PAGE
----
My Father’s Trophy
by Mark Hanna
My father, DeWayne Hanna, was a hunter all his life until injuring his back at work. Unable to go each year he still purchased his deer tag hoping that his disability would not keep him out of the hunt. Not in a wheelchair, although it was a distinct possibility at any time with his injury. One fall, one slip, one missed step is all that would be needed to end his hunting days forever. The year was 1977. Down in his back, as he would say, he was thinking of not going out that year. His friends all wanted him to go and after assuring him they would find a way to get him in the field to hunt he was convinced that he would go even if it meant staying in camp.
On the morning of opening day his friends drove him to a spot on top of a little ridge. It had a nice little gradual sloping trail leading down to a rocky ledge where you could see this small canyon that they had decided to hunt during their scouting trips. My father slowly made his way down the slope to rocks, that was as far as he was willing to go. There was a nice flat boulder right on the trail and sitting up high enough to offer itself as a seat. He settled in and started glassing the area. As time went by he could occasionally see his hunting buddies working themselves to a hunting position. Slowly everyone was settled and the waiting game began.
After several hours of glassing, my fathers back, now hurting pretty bad, was giving him quite a bit of pain and he was beginning to wish that he had stayed in camp and took his pain pills instead of trying to hunt. Unable to concentrate he decided to lay back on the flat rock that now became a bed. He fell asleep. Time passed as he slept and it was nearing sunset. A shot rang out in the canyon , startled he woke, pushing himself up he sat up and started to glass where he thought the shot came from. Soon, a second shot rang out. The shots were coming from the next canyon or maybe the next one, it was difficult to tell. It was not anyone in his hunting party shooting, so he watched the ridge in the direction the shots came from. Soon he saw a single deer slip over the ridge and into some thick brush. Slowly the deer made its way out, almost appearing to be crouching, it was keeping it head down. Then he saw it clearly, it was a buck, a nice one too! The deer made his way through the dense brush at the bottom of the canyon and popped out on the trail my father was on. It was then that he could see the actual size of the buck and its rack. Without a doubt, it was one of the largest bucks my father had ever seen in 30 years of hunting. His heart started pounding. The buck started picking up speed coming up the trail. My father raised the 30-06 he had on every hunting trip since WWII. As he looked through the scope of his rifle the buck was coming ever nearer. His heart pounding so fast he thought it would come out of his chest, my father could only see a huge patch of gray in his scope. The buck was now so close the scope was ineffective. turning his rifle to its side he looked down the barrel, took aim and fired. The buck dropped in mid stride and fell the ground, 30 feet from my fathers position on the trail. His trophy was secured.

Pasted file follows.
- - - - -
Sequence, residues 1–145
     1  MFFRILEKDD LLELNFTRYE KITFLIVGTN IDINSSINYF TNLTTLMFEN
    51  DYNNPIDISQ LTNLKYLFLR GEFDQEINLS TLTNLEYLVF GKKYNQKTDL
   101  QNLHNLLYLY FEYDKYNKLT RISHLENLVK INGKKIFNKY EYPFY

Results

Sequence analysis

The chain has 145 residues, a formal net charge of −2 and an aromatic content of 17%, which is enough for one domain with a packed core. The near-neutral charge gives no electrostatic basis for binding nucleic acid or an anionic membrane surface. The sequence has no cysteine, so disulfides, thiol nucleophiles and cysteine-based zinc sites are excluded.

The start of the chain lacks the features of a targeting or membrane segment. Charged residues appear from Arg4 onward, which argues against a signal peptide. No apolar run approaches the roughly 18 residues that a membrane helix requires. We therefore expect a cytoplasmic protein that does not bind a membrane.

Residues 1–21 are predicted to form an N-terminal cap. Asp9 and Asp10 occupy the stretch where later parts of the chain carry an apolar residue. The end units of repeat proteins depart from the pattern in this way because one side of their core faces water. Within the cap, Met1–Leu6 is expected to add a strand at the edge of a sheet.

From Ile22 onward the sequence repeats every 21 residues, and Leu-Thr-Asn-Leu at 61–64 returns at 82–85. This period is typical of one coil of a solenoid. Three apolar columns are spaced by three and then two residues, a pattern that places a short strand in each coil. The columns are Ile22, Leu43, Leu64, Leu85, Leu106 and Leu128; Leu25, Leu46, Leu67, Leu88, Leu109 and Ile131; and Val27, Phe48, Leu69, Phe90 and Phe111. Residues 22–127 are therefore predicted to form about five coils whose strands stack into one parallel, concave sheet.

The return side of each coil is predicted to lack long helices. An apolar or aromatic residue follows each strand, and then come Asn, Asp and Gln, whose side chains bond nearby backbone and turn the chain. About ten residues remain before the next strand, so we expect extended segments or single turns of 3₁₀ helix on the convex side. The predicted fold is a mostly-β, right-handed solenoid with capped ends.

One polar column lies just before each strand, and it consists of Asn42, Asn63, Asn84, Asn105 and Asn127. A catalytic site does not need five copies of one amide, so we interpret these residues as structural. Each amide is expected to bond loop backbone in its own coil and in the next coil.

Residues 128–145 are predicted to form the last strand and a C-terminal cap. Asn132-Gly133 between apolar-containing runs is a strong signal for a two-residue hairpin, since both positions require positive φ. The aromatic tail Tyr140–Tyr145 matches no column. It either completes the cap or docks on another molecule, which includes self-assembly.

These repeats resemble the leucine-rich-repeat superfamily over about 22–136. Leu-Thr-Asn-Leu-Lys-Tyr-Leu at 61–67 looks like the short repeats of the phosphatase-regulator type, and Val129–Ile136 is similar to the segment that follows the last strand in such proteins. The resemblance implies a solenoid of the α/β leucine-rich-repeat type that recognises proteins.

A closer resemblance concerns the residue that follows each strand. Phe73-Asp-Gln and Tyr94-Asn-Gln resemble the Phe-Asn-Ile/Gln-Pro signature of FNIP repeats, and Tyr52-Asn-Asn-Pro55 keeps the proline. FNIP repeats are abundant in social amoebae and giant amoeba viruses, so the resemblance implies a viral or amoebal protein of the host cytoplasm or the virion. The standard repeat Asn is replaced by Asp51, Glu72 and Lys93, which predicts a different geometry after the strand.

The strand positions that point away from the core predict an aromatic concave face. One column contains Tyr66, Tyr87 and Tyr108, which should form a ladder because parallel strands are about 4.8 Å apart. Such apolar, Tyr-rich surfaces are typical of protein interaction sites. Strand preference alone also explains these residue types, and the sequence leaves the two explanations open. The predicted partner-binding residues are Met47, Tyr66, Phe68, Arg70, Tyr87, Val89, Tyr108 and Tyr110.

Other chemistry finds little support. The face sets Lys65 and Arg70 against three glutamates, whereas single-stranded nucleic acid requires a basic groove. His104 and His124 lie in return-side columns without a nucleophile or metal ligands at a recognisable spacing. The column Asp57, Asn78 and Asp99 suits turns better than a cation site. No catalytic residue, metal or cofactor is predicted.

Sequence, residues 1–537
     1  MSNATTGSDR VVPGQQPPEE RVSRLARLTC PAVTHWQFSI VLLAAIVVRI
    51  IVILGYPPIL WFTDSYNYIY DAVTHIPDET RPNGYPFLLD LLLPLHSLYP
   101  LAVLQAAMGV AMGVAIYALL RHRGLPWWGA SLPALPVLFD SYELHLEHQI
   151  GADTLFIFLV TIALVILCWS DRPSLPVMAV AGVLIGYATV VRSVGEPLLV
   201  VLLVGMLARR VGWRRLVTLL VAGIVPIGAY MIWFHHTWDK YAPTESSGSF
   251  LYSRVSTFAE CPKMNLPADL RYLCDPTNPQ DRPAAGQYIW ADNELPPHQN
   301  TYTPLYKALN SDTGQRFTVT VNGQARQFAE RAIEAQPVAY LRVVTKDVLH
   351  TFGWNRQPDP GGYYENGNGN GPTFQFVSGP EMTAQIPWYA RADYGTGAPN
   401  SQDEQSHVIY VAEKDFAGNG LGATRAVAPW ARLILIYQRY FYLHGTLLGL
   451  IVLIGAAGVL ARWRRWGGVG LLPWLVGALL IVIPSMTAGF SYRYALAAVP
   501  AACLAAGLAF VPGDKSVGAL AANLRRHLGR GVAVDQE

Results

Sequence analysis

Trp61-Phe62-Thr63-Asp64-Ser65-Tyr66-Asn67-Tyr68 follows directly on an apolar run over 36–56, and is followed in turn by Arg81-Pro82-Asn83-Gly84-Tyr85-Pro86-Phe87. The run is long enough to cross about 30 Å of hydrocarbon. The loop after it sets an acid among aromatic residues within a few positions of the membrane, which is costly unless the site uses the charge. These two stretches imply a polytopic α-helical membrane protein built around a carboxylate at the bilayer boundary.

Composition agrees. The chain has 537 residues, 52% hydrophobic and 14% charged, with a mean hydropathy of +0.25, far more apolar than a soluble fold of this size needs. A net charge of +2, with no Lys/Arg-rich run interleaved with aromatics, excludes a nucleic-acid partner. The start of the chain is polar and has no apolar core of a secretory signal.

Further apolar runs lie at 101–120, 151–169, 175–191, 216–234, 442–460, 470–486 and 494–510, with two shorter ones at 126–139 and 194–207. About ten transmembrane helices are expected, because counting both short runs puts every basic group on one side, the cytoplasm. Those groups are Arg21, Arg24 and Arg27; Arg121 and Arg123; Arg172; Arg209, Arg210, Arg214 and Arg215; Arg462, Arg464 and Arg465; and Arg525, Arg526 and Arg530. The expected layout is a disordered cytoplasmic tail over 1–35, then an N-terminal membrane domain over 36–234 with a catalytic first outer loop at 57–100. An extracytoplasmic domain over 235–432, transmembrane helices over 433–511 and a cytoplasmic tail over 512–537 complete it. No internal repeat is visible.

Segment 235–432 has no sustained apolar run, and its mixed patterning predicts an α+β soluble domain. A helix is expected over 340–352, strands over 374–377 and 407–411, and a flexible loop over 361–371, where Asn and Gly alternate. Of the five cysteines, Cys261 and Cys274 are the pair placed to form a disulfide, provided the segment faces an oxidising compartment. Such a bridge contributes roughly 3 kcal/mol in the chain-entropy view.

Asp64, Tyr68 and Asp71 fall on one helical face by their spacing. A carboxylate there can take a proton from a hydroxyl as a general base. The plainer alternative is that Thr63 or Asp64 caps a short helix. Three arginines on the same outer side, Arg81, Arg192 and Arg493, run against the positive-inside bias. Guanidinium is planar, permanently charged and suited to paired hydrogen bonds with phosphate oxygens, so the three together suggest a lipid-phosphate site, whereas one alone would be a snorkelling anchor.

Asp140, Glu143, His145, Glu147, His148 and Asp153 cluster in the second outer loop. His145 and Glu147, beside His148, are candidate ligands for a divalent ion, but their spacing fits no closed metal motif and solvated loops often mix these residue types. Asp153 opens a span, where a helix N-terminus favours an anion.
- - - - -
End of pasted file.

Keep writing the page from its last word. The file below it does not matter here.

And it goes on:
At the time it was the fourth largest coues deer ever taken. Measuring in at 126 5/8. It has since dropped but still in the top ten, I believe. My father passed away in 1995 but his story still lives on and his trophy buck is mounted and in my possession. I have the Arizona Wildlife Trophies Award certificate, the Boone and Crockett certificate and the Arizona Wildlife Federation Plaque. He was asked to bring his deer to the B&C awards in St. Louis I believe it was but was unable to attend because of health problems that year. I cherish the trophy left to me by my father, almost as much as he did.